algae-power, metal coatings, flying

New coating for metals could cut engine wear | Science News for Students
“Car engines need oil to reduce friction between moving parts. This lubrication keeps the parts cool and cuts down on engine wear. Now, researchers have developed a new hard coating
“How Things Work Are you curious about how machines, computers, and other technologies around us work? Do you just have to know how water gets to the 100th floor of an apartment building, …
K-12 Teacher Professional Development: American Society for Engineering Education
“resources listed are to assist K-12 teachers who wish to become teachers of engineering. a comprehensive description of the professional preparation and development required
eGFI Program: American Society for Engineering Education
“Engineering, Go For It (eGFI) magazine. a totally new and interactive, kid-friendly web site a new teacher-oriented e-newsletter with lesson plans and class activities, a classroom media kit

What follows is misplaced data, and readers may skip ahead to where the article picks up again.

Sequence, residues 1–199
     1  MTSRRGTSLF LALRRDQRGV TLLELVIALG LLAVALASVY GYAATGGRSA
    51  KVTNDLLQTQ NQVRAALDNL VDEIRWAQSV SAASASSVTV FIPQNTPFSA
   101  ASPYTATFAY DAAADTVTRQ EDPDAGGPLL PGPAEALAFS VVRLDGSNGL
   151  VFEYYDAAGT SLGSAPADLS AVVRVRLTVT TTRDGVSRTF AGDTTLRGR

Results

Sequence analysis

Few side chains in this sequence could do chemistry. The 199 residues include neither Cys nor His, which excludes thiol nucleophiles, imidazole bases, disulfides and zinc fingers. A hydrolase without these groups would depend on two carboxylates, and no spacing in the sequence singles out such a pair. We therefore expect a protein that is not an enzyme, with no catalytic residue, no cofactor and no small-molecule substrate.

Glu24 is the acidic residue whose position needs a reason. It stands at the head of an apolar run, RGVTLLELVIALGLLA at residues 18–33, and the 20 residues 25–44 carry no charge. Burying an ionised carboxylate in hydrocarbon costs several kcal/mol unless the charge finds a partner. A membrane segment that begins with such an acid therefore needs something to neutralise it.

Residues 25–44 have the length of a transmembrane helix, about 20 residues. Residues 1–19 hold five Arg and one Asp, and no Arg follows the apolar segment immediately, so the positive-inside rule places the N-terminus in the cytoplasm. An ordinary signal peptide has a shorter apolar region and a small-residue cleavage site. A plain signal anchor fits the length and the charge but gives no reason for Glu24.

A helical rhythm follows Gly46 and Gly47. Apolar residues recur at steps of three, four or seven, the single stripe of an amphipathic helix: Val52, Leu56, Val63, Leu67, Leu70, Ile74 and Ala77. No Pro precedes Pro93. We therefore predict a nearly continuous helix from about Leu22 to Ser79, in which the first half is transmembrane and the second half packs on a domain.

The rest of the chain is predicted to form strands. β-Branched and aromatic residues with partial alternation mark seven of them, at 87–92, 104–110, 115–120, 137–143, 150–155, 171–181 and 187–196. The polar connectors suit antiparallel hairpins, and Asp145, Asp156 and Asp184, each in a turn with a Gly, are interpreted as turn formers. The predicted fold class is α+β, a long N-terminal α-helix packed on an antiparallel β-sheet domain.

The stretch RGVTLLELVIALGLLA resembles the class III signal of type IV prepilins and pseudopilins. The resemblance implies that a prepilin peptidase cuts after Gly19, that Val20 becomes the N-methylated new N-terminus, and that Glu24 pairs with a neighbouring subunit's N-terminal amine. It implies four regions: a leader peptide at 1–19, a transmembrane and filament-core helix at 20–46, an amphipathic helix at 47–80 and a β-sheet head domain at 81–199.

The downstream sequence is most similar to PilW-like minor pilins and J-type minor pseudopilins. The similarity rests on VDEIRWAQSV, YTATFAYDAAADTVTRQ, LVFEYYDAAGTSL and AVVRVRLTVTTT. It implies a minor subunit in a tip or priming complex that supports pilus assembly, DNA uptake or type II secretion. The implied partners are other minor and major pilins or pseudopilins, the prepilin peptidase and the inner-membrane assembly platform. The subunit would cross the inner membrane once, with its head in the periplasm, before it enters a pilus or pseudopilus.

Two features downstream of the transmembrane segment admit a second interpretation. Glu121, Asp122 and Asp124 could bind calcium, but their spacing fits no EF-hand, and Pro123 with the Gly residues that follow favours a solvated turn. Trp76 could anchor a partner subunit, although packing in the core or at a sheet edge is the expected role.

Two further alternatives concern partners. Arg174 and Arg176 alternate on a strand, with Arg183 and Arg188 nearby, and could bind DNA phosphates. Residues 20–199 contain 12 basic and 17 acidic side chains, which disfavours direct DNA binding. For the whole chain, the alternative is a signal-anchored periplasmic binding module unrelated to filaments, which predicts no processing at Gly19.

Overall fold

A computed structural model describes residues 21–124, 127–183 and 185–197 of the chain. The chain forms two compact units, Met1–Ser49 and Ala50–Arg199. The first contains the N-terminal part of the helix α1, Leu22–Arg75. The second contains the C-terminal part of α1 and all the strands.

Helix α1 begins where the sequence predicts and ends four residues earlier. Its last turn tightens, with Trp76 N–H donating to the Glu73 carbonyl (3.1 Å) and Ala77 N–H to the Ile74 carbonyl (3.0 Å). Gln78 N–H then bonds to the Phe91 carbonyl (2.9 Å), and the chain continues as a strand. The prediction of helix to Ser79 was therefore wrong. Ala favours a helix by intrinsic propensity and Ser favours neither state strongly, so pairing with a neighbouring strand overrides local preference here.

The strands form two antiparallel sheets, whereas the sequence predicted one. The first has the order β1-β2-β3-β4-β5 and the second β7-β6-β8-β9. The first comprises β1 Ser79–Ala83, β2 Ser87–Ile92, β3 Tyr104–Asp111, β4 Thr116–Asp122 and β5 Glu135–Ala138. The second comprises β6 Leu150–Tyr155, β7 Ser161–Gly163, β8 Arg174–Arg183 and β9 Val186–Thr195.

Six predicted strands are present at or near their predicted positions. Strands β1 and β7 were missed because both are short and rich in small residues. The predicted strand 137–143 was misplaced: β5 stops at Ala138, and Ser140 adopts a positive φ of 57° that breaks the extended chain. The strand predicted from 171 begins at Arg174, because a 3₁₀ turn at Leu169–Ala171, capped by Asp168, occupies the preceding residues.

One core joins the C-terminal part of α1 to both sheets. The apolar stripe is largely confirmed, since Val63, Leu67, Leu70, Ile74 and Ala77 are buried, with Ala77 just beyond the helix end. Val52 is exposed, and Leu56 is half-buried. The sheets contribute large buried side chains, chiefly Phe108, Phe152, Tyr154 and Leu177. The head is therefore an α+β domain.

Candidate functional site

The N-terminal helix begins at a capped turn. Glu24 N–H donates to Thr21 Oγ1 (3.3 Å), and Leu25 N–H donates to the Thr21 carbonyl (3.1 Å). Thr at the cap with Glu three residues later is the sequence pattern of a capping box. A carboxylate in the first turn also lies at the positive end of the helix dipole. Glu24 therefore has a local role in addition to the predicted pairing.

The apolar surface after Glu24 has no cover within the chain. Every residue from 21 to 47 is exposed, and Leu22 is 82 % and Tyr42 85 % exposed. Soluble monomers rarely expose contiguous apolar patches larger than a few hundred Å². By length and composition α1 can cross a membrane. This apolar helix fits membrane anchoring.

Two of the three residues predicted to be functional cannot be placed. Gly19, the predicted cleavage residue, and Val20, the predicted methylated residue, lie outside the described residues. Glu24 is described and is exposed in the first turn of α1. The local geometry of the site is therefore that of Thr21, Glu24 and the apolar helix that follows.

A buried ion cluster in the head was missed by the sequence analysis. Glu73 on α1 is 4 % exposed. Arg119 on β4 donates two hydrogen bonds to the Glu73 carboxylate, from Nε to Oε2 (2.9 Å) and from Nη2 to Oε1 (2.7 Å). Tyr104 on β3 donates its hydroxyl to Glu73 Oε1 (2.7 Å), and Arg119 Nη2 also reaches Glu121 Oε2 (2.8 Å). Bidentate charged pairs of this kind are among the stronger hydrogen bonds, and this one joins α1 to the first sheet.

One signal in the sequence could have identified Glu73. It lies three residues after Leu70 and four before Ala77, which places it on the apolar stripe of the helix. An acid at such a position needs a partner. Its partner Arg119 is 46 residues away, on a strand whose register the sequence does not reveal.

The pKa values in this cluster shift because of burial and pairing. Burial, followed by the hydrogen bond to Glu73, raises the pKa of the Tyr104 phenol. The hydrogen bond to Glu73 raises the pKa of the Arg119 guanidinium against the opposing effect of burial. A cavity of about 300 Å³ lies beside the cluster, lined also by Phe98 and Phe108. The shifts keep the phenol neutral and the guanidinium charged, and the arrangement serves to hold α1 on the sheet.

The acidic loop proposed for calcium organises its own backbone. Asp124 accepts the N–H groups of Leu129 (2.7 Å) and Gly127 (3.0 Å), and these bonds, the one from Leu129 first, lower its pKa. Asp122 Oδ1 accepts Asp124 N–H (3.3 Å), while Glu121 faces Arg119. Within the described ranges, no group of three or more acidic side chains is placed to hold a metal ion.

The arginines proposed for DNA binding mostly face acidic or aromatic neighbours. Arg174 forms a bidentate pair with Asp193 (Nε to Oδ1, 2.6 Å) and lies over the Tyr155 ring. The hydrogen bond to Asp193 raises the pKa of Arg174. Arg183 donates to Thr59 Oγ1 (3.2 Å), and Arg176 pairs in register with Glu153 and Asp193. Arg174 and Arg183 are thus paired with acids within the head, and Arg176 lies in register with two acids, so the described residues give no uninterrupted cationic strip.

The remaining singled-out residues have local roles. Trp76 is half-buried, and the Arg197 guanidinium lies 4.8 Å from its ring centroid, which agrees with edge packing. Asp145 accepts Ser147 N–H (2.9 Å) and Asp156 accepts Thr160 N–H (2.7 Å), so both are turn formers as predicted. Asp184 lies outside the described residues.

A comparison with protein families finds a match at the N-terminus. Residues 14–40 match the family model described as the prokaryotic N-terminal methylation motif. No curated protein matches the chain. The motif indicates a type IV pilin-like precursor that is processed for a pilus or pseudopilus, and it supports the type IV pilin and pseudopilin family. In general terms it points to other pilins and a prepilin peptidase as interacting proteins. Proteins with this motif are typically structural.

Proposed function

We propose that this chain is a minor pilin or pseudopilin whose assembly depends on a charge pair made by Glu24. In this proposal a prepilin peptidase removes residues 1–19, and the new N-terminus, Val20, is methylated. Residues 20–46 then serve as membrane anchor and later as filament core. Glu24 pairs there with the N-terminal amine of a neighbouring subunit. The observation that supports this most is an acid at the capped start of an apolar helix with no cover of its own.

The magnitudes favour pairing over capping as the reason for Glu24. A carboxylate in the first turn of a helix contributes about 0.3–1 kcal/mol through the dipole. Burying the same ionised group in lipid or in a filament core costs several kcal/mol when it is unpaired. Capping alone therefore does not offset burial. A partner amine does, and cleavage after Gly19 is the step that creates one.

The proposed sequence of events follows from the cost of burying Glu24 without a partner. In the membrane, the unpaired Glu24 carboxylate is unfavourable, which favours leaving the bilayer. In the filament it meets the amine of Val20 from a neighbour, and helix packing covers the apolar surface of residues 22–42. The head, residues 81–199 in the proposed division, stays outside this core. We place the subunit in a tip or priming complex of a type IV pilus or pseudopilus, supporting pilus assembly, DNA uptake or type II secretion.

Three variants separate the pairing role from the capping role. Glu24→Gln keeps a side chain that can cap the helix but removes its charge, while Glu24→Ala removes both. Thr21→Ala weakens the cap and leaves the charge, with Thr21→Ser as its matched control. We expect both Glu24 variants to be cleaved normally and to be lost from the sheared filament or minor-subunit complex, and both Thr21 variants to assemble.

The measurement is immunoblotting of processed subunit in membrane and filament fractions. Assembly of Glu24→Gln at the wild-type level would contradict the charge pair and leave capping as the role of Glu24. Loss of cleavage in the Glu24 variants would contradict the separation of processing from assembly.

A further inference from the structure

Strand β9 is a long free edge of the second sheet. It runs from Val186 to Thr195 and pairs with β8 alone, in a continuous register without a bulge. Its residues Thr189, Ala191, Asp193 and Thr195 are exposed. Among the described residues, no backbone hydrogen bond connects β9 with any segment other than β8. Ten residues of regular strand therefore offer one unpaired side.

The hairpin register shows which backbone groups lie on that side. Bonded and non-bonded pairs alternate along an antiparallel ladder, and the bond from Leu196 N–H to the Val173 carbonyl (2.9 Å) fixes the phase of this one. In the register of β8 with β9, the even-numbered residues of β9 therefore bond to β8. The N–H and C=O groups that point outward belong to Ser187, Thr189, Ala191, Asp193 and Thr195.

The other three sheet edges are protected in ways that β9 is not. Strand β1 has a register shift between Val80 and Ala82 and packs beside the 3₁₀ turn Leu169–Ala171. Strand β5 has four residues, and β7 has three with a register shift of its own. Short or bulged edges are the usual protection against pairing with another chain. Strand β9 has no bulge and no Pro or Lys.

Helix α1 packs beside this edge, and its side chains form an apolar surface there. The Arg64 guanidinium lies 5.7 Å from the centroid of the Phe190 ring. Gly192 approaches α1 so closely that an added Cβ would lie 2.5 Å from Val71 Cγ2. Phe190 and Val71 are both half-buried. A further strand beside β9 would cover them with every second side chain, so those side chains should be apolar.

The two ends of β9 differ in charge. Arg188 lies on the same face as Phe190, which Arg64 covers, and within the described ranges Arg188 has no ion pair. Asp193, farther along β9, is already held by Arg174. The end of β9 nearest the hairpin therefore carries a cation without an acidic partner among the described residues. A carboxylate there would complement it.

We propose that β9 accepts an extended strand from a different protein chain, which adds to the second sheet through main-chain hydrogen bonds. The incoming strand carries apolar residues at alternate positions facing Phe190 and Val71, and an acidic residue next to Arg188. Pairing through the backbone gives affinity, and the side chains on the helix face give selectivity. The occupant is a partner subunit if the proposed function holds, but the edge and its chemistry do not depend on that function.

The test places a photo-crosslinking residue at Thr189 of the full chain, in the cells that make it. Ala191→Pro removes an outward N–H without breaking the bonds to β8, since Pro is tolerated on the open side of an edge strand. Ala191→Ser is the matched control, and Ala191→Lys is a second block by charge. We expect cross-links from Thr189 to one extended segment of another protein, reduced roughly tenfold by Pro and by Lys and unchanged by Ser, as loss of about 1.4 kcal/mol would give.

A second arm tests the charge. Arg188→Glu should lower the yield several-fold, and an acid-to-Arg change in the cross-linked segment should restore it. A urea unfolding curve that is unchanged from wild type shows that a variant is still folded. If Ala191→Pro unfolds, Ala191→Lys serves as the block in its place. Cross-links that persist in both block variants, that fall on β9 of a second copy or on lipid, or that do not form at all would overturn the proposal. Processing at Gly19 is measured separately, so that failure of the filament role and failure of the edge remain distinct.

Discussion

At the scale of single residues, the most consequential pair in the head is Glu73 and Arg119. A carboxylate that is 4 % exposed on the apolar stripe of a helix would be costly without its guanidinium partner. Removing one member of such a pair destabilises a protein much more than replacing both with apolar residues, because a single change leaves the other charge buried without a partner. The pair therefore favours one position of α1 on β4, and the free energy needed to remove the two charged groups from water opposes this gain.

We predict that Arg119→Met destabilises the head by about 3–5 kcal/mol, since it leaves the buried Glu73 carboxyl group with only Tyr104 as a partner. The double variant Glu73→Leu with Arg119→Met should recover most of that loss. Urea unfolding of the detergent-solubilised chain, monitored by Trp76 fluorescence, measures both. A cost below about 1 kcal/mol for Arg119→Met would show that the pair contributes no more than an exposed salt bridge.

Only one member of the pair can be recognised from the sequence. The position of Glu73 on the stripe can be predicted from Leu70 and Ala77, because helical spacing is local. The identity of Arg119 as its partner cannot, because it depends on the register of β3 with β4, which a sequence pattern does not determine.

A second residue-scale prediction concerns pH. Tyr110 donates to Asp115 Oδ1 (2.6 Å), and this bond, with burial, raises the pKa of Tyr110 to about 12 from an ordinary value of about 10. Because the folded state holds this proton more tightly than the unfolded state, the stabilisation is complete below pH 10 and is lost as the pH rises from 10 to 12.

Are algae-powered oxygen bars coming to your city? | Inhabitat – Green Design, Innovation, Architecture, Green Building
“uses the purifying power of algae to suck CO2 out of the air and rejuvenate it with oxygen. The structure is built with molded beech wood, and contains living algae pumped through the core
Engineer Your World
“Engineer Your World is an innovative, student-centered high school curriculum that engages learners in authentic engineering experiences and inspires them to embrace an engineer’s habits
The Top 5 Reasons to Include Engineering in Your School | ProjectEngin
“most compelling reasons to include more Engineering in the curriculum. We live in an “engineered” world. Basically, if something doesn’t grow on trees, begin life as an embryo or seed
Smithsonian Education – How Things Fly
Have you ever dreamed of flying? As a child, you may have run full speed with your arms stretched and flapping, hoping that–just a little faster–you could take off.
Smithsonian Education – Building Up, Breaking Down
” the weathering of buildings, which begins the minute they are assembled. Physical breakdown (such as rock fracture), chemical weathering and pollution are all key ingredients